by Sam Juliano
You never really understand a person until you consider things from his point of view until you climb into his skin and walk around in it.”
-Atticus Finch, To Kill A Mockingbird
In the end it all comes down to perception. That is both the crux of the matter in Brendan Wenzel’s fabulously inventive They All Saw A Cat and the opportunity for its creator to put himself “in the shoes of the animal, and then make a piece of artwork representing how I imagine they might see a cat.” Wenzel himself in a recent interview responded with that quote when explaining his strategy with a book that has taken the children’s book world by storm, and has endlessly delighted classroom teachers who were gifted a a literature unit complete with drawing enrichment. But taken on its own terms this is a remarkable fusion of text and illustrations that not only is scientifically thought provoking but but an exceedingly sublime work that was created without playing favorites to any particular negotiating process. Indeed as revealed on the book last (copyright) page “the illustrations in this book were rendered in almost everything imaginable, including colored pencil, oil pastels, acrylic paint, watercolor, charcoal, Magic Marker, good old number 2 pencils, and even an iBook.” To bring such a seemingly undisciplined artistic melting pot to such unified heights is perhaps the most incredible achievement in They All Saw A Cat as the readers young and old alike are treated to a new adventure on every turn of the page.
‘The cat’ walked through the world, with its whiskers, ears, and paws provides the book’s entry point. First to see the cat is the child, and the love for a pet is evident from the tail cuddled around the legs, the feline’s big-eyed smile and the cozy rug they stand on. This is immediately contrasted in the next double-page spread where a none too happy dog sees a cat as all limbs – wiry, a face dominated by two rectangular eyes and a huge bell that enhances the noise for the already disgruntled canine. The dog seems poised to pounce. When the fox sees the cat, the equation is all about the prospects for the next meal. Hence in the eyes of this predator the cat is plump and seemingly an easy target. After another refrain reiterating the cat’s modus operandi, we see the cat as a blurry mass under the water where a small fish sixes up the cat in exaggerated terms where the size rivals some of the biggest fish in the lake or ocean. The eyes are prodigious, the oversized whiskers lending some degree of definition to a blurry mass. When a mouse sees a cat the fire truck red image is one of a ferocious monster with big teeth, fiery eyes and imposing claws. This is not a look the mouse wants to partake of for very long as this cat’s temperament matches that of a jungle cougar moving in for the kill. Continue Reading »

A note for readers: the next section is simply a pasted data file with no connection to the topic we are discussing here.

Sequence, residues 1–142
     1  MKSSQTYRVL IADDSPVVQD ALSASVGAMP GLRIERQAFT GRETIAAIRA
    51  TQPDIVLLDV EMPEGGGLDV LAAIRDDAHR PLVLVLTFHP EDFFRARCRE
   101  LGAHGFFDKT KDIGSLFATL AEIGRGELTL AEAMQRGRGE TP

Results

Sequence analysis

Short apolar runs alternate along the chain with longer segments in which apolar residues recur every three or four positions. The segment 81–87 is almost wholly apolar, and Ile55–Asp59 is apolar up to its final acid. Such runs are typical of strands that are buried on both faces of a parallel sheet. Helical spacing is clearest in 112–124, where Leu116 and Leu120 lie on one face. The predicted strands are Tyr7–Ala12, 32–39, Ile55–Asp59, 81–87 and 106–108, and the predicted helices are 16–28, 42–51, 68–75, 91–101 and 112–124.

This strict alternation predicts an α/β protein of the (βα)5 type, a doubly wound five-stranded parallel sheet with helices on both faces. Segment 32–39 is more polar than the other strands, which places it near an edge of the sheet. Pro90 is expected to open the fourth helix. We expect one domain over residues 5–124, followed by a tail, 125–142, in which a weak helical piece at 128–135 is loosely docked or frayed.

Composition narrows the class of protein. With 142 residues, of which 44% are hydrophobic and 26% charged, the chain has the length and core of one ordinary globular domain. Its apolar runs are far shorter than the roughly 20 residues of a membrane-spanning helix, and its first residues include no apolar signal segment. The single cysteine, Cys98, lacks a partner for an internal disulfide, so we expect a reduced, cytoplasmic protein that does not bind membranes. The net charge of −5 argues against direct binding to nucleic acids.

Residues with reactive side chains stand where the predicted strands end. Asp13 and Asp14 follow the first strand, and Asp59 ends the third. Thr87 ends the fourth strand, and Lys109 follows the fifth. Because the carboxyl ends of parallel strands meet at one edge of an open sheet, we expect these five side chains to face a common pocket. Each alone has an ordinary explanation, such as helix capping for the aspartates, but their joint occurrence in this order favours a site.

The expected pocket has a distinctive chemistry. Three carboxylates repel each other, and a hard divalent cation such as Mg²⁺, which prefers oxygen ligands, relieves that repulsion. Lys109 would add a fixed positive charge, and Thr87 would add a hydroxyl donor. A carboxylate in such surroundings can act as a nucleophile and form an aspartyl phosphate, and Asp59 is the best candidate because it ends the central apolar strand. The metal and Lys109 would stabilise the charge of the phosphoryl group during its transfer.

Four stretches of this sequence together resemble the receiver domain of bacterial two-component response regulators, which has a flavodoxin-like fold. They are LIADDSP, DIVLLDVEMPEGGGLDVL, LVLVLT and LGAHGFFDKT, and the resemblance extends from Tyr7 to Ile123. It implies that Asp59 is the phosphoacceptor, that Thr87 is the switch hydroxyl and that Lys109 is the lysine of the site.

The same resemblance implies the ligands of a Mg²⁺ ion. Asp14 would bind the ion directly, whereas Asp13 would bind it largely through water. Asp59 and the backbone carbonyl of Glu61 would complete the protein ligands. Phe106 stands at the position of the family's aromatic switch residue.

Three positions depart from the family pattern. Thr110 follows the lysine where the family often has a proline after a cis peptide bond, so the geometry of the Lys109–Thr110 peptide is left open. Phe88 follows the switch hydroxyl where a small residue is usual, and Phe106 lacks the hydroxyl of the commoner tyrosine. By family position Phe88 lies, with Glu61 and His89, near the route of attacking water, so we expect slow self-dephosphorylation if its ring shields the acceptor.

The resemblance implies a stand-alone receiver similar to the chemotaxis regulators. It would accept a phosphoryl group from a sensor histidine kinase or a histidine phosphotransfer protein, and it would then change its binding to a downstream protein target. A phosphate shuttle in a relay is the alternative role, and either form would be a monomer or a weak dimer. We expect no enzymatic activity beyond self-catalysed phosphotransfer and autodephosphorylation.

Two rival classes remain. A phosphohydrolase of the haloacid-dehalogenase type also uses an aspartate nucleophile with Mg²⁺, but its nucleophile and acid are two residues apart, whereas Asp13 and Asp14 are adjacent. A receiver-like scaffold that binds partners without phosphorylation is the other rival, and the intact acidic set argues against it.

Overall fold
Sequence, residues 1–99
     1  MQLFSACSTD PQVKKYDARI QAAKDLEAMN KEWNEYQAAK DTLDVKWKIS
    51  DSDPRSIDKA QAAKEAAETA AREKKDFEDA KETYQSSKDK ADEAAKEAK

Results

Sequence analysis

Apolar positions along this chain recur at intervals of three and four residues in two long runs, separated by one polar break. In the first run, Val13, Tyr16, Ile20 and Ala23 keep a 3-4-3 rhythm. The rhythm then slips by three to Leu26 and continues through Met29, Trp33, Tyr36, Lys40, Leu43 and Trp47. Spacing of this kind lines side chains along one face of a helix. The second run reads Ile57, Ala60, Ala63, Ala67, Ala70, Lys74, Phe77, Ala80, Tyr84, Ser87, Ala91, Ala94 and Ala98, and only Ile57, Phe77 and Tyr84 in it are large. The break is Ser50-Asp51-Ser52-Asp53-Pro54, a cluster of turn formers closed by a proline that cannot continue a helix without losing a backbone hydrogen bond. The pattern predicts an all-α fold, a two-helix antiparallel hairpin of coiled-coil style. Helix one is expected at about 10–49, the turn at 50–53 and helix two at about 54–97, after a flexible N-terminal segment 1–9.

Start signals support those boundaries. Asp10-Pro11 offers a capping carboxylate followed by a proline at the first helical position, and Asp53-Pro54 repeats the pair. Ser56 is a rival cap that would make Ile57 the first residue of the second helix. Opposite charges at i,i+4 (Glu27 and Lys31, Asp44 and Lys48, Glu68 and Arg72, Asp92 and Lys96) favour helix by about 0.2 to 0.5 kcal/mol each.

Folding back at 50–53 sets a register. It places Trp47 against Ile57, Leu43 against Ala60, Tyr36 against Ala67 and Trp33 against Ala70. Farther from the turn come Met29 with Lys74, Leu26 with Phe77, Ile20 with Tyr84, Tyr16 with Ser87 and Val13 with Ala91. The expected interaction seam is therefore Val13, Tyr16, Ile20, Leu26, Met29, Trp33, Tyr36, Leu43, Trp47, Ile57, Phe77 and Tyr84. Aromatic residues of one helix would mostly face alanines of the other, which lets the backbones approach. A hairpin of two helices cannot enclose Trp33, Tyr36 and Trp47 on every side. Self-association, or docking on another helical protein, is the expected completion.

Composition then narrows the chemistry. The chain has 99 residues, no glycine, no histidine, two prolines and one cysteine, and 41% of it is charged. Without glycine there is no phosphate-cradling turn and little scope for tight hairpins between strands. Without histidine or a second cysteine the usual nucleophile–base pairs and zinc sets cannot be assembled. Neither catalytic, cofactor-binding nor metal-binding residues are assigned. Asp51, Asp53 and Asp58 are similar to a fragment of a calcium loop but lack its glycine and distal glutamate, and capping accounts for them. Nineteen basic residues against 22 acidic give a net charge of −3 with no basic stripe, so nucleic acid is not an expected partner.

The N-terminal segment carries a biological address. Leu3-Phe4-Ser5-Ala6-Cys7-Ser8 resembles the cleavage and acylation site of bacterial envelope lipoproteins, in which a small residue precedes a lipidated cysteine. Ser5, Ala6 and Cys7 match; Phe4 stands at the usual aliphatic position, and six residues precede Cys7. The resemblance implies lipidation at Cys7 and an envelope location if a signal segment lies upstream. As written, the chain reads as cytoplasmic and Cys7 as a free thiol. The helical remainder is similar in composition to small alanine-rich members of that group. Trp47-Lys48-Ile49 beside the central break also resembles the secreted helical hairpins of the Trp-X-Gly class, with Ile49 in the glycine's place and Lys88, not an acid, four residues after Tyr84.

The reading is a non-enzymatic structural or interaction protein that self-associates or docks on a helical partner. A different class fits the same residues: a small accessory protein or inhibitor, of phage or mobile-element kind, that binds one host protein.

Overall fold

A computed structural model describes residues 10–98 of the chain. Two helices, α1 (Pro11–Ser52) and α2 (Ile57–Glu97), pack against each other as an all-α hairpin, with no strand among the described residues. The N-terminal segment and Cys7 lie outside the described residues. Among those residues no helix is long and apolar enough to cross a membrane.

Posted in #Caldecott Medal Contender, Uncategorized | 16 Comments »
by Lee Price
In Andrei Tarkovsky’s Stalker (1979), there’s the ordinary world where the Stalker lives with his wife and daughter, there’s a border area patrolled by the military, there’s a sealed-off forbidden area known as the Zone, and, legend says, there’s a room inside the Zone where one’s deepest wishes may be granted. Picture it as concentric circles—a mandala radiating outward from the mysterious room at its spiritual center. In both the movie Stalker and its source book Roadside Picnic by Arkady and Boris Strugatsky, the term Stalker refers to the guides who illegally escort guests into the Zone.
Stalker’s Zone is perhaps the most stripped-down version ever of a very familiar place.
In The Wizard of Oz (1939), Dorothy Gale crossed the boundary between black-and-white and Technicolor, and then followed the Yellow Brick Road deep into the Zone, led by the Stalker team of Scarecrow, Tin Man, and Cowardly Lion. Although some dismiss the account as nothing more than a dream, some say she reached and entered the Room, achieving the core desire that was in her heart all along.
In The Lord of the Rings, both book and films, Frodo Baggins is mentored by Gandalf, the Grey Stalker, who instructs Frodo on how to pass through the Zone in order to return a purloined heirloom to the Room.
In 2001: A Space Odyssey (1968), a film notoriously rejected as “phony” by Tarkovsky, Dr. Dave Bowman journeys through an expansive psychedelic Zone with a (what else?) Room at its center. Continue Reading »
Posted in Lee Price's Film Reviews, science-fiction countdown | 6 Comments »
Andre Techine’s quietly powerful gay-themed drama “Quand on a 17 ANS” is his best film since “Wild Reeds” in 1994 and a strong contender for the Best Film of 2016.